I was having my hair cut the other day when Joseph my barber said, “Michael – I’m going to get into property investing and I’m going to make a fortune because I’ve learned how to invest like the pros!”
Each time I visit Joseph the conversation seems to revolve around property, but when I heard him say he learned how the pros do it I was concerned. I know Joseph has been reading every property book he could get his hands on, attended a few seminars and watched all the free DVDs the property marketers are sending out.
I also know that while Joseph enjoys his job, he’s sick of the rat race and trading his time for dollars. he is looking for a level of financial freedom and told me he feels he missed out on the last property boom and wants to make up for lost time.
He wants to get rich quick…
In the past when we’ve discussed property, Joseph was scared to take on more debt and get into the market. Instead he paid down the mortgage on his home.
Now while he has the “security” of minimal debt on his home, he feels he has to catch up with many of his friends who took the plunge into property a few years ago and now own one or two investment properties and are slowly working their way out of the rat race.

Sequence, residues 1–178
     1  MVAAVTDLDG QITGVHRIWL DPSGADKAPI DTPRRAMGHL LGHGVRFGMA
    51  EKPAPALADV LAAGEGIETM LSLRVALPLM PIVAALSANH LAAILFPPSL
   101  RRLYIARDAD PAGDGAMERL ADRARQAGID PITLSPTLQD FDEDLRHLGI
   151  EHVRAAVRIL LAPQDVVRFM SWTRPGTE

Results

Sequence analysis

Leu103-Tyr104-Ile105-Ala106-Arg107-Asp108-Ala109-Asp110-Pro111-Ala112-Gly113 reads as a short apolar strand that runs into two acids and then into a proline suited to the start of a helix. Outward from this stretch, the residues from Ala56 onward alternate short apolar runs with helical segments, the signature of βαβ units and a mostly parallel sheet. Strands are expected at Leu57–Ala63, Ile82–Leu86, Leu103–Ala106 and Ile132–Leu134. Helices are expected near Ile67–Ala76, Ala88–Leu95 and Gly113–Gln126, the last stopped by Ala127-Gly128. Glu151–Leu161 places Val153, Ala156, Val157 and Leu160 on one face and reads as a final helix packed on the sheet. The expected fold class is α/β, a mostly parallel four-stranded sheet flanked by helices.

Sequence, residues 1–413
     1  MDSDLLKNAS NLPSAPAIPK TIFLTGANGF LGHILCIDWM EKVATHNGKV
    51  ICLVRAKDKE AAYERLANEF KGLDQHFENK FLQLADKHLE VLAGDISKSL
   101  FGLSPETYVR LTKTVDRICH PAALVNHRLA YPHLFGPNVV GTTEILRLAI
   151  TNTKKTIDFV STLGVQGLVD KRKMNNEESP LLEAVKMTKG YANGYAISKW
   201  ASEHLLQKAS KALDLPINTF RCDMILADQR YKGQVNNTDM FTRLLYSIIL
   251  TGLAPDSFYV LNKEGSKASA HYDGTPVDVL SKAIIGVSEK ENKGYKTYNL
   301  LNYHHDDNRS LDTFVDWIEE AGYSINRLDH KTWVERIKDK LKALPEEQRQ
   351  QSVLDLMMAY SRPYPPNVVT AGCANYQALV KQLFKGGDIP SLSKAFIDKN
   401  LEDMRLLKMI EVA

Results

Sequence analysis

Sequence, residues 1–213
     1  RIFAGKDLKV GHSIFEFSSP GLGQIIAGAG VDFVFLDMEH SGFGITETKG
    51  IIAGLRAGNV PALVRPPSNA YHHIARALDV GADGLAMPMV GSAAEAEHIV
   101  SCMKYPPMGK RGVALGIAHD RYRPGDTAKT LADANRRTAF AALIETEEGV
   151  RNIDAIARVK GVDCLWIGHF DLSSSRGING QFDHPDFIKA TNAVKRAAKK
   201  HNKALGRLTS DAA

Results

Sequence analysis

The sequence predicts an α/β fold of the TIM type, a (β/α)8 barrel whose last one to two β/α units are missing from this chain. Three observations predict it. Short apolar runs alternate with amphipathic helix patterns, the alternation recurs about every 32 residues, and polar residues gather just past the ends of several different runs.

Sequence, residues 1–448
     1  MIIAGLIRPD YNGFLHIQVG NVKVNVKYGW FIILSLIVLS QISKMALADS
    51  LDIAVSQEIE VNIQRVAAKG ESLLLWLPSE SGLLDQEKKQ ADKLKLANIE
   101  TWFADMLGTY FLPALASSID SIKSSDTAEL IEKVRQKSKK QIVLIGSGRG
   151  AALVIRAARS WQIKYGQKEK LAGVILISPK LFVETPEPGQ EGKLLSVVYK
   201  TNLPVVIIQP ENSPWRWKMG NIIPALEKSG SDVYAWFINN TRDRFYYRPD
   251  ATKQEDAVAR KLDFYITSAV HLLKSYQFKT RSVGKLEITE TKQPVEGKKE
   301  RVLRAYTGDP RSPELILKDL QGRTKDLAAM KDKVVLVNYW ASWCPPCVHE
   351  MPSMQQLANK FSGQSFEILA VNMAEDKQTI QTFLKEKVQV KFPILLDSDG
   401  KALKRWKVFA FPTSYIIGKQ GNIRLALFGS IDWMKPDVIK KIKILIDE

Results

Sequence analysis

When our property markets turned the corner in the middle of last year I recommended Joseph use the equity in his home to get into property investment, but at the time all the property pessimists in the media held him back.
But now armed with all his newfound knowledge, he was feeling confident enough to finally take the plunge into property.
So when Joseph told me he knows how to invest like the pros, I had to ask, “OK – how are you going to do it?”
“Easy,” he said. “I’ve been to a seminar and signed up for a course.”
Then he pulled out the advertisement in the magazine that attracted his attention.
It promised the ability to control millions of dollars worth of property with none of your own money and bypassing the banks. It also explained how the course presenter had made millions of dollars in seven days.
At that point I felt sorry for Joseph and for the thousands of novice (and some experienced) property investors who will be taken by the new breed of property spruikers who are once again out in force.
Sure the promises sound enticing…
The opportunity of getting a life-altering fortune overnight by barely tapping the easy button as you breeze by en-route to your deck chair on the beach.